Step Four: Pick a piece of clover and study it intently. Do not, I repeat, do NOT, put it in your mouth yet. Mommy is waiting to see what you will do with it and will instantly foil your plan if you attempt to eat it at this moment.

Step Five: When Mommy looks away, close your hand around the clover so she cannot see it. This is important so that she does not realize it is still in your possession.

Step Six: Pretend to eat your hand while carefully maneuvering the clover into your mouth. If you do this with enough care, she will not notice. Unfortunately, my Mommy saw right through this attempt, so I had to try something else. If Step Six does not work, please continue. Otherwise, good job.

Troubleshooting:

The “Mmm” Method:

This is the direct approach. The key here is to be persuasive. Pick a clover, look Mommy right in the eyes and say “Mmm!” while moving the clover to your mouth. If you can convince her you know it is delicious, she is sure to let you eat it.

 

The Misdirection Approach:

Stare off into the distance like you see something fascinating. While Mommy tries to find what you are studying, use the hand she is not holding to grab some clover and bring it to your mouth.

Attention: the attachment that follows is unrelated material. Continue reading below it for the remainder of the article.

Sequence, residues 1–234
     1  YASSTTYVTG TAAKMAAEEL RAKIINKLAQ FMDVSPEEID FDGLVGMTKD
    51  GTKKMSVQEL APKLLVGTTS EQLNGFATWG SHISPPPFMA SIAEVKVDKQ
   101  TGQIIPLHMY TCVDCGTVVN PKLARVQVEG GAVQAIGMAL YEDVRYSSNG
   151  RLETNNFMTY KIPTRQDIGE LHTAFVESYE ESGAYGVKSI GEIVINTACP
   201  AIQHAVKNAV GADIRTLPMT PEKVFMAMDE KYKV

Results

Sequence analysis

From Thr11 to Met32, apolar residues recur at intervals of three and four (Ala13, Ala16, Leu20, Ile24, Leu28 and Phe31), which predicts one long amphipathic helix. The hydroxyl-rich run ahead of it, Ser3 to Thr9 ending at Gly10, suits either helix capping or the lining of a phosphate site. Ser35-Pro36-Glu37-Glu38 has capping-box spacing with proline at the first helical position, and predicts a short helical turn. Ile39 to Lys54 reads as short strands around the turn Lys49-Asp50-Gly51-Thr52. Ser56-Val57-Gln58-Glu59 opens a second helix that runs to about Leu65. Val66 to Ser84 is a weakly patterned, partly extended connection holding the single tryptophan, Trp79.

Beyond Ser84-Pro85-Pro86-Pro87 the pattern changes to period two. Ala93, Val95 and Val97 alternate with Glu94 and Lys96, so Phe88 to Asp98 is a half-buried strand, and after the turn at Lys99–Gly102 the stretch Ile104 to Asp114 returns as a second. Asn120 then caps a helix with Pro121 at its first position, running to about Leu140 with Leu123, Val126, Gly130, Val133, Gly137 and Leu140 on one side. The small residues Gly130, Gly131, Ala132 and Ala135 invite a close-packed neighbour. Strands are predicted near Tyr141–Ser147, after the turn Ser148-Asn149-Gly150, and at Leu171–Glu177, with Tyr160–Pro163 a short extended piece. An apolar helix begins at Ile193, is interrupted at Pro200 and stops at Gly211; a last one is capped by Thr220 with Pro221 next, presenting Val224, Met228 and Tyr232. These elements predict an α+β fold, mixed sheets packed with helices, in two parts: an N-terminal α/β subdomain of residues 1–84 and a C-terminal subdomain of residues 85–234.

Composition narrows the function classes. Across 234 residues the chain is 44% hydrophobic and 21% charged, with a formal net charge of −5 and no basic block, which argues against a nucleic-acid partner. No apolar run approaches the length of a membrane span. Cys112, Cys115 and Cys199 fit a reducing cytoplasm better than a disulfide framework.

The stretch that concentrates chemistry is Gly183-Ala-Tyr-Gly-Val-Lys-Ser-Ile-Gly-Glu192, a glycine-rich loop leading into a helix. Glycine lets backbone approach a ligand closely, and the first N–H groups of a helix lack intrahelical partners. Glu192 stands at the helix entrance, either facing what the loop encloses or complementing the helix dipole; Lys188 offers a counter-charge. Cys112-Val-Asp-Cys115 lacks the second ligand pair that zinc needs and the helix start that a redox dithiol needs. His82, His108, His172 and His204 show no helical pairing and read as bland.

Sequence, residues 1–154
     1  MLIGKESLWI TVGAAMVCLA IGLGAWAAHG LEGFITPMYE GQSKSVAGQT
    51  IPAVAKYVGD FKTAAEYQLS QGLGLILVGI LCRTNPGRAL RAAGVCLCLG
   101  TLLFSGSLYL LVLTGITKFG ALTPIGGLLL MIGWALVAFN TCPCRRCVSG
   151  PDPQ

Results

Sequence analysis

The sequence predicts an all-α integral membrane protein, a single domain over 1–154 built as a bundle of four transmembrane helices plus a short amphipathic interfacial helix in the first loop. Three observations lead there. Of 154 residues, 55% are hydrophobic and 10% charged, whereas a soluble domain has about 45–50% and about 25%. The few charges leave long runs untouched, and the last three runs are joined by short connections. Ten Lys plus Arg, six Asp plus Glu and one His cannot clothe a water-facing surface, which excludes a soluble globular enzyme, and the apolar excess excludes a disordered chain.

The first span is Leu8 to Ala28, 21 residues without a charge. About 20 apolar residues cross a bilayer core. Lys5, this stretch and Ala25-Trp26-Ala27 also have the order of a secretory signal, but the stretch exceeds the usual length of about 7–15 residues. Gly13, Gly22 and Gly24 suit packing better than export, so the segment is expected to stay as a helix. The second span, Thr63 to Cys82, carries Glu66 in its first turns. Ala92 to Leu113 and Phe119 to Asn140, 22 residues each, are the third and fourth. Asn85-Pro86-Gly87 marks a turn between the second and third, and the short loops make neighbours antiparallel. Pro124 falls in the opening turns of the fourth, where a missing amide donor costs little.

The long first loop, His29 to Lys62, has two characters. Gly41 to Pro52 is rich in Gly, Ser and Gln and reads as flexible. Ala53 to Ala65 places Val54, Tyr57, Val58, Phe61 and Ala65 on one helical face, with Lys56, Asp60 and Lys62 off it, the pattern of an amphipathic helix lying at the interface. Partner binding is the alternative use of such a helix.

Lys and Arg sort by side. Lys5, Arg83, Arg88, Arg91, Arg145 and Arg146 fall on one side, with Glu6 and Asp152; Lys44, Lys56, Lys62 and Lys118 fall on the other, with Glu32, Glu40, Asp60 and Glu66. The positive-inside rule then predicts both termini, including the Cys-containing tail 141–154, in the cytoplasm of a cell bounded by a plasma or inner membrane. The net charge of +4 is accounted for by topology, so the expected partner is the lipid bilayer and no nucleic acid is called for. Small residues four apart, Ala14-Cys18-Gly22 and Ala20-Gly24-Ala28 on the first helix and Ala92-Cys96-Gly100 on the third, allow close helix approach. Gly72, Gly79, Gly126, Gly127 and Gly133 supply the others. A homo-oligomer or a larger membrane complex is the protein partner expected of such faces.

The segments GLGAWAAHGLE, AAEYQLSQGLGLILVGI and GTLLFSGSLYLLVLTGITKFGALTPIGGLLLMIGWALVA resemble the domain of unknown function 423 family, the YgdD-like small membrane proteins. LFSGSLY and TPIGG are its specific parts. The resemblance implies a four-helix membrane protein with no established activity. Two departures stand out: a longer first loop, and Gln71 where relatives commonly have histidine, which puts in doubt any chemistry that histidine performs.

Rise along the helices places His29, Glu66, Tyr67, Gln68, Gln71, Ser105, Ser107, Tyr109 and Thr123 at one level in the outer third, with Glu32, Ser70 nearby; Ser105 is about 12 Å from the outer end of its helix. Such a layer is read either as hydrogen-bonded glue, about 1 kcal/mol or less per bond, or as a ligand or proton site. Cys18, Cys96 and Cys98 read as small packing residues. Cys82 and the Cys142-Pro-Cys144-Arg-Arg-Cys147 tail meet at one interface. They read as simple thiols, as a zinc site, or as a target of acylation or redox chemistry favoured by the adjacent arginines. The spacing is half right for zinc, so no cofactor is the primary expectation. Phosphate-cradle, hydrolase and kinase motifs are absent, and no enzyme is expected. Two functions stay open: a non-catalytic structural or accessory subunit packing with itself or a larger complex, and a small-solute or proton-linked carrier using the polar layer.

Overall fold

The Daddy Strategy:

Stare at home until Mommy calls Daddy outside to play too. Show him that Mommy is mean and won’t let  you eat grass. If he loves you enough, he will let you eat it and Mommy will get in trouble for being a party pooper.

 

Some babies have suggested crying, but I have had little success with that. Usually my Mommy assumes I am hungry or need a diaper change when I cry, so she picks me up and takes me away from the grass. This is directly contrary to our objective, so I do not suggest this tactic.

 

Congratulations! You have now savored your first real food. Wasn’t it so much better than the pea/spinach/apple/mango stuff they make you eat?

 

 

*Disclaimer: None of these methods actually worked for me, but they all sound good in theory. I am certain that my experience was a fluke and if you follow this guide, you should have no trouble obtaining your first taste of grass.

Just a Spoonful of…

Liliana is by no means a picky eater. She’ll try any food happily, and she’ll like most of them.

Every now and then, though, there is a food that she decides she doesn’t really fancy.

Turkey is one of those foods. The last time I tried to give her turkey was a couple of weeks ago and she fought it more than she has fought any other food. She shoved away the spoon, turned her head, pressed her lips together and leaned as far away from me as she possibly could. Granted, it did smell a little funny, but it tasted fine (I swear). I tried mixing it with sweet peas, but she still wouldn’t have anything to do with it.

So I gave up for a while, but today I had an idea. What if I tried adding seasoning to it? After all, I like food better with seasoning, so she probably would too. I don’t have very many spices right now because we are still moving them into this kitchen, but I do have a few.

Any guesses what I added?